- Arts + Culture
An already unpopular plan for East Cambridge’s least favorite building got another hit or two Monday.
The Planning Board unanimously greenlighted development Tuesday of 10 Essex Street, a 46-unit residential development called a “non-auto building” in the heart of Central Square.
There is immediate demand for housing for between 500 and 600 MIT grad students and a need to build even more as Cambridge rents soar, an institute working group says in a draft report.
A neighborhood grocery store that would accompany the redevelopment of the former Edward J. Sullivan Courthouse got a bit more square footage in a Planning Board presentation.
Two residential buildings, one in Kendall Square and the other in Central Square, are each a tiny step closer to becoming a reality. But the Central Square project is drawing concerns about parking and aesthetics.
Kendall Square’s rooftop garden may be smaller, but at least your great-grandchildren will be able to appreciate what’s left of it – all because a company worth nearly $2 billion in revenue last year wants $1 million in help from the CRA.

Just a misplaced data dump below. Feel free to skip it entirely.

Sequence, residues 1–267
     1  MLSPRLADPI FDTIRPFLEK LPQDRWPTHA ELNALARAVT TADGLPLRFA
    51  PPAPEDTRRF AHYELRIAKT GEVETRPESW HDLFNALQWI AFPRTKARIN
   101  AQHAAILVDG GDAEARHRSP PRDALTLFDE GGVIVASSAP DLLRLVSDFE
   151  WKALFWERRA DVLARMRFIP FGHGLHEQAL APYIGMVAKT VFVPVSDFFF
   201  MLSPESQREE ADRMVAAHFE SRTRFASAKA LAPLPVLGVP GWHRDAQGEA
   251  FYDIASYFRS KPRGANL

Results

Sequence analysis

The goal of a net-zero-emissions Cambridge has been embraced by City Manager Richard C. Rossi, with a timeline and task force structure ready for approval Monday by the City Council.
The owners of the Middle East restaurants and nightclubs in Central Square want 20 percent of the housing they hope to build overhead to be set aside for low-income tenants, they announced at a community meeting.
The developers of the city’s jail and former courthouse tower offered East Cambridge a new grocery store Monday, and city councillors accepted the idea – or, rather, took it away.
Forced with the option of leaving their home in Central Square since 1970 or expanding, the Sater brothers are planning to build 50 to 100 residential units atop their complex of nightclubs and restaurants known as The Middle East and ZuZu.